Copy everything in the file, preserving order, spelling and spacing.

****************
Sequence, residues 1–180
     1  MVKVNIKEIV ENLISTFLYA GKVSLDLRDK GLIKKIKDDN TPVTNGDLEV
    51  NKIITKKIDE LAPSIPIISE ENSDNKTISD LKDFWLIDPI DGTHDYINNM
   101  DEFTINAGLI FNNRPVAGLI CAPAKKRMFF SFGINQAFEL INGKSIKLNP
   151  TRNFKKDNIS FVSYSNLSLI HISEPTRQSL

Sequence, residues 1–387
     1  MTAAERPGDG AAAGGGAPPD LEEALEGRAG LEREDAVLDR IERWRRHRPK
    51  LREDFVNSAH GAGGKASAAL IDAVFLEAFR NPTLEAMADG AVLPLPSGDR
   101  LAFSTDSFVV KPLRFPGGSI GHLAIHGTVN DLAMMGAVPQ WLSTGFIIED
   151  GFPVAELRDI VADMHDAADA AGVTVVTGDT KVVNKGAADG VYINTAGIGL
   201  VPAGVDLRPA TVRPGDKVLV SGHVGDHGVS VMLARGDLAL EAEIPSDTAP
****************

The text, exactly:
Sequence, residues 1–180
     1  MVKVNIKEIV ENLISTFLYA GKVSLDLRDK GLIKKIKDDN TPVTNGDLEV
    51  NKIITKKIDE LAPSIPIISE ENSDNKTISD LKDFWLIDPI DGTHDYINNM
   101  DEFTINAGLI FNNRPVAGLI CAPAKKRMFF SFGINQAFEL INGKSIKLNP
   151  TRNFKKDNIS FVSYSNLSLI HISEPTRQSL

Sequence, residues 1–387
     1  MTAAERPGDG AAAGGGAPPD LEEALEGRAG LEREDAVLDR IERWRRHRPK
    51  LREDFVNSAH GAGGKASAAL IDAVFLEAFR NPTLEAMADG AVLPLPSGDR
   101  LAFSTDSFVV KPLRFPGGSI GHLAIHGTVN DLAMMGAVPQ WLSTGFIIED
   151  GFPVAELRDI VADMHDAADA AGVTVVTGDT KVVNKGAADG VYINTAGIGL
   201  VPAGVDLRPA TVRPGDKVLV SGHVGDHGVS VMLARGDLAL EAEIPSDTAP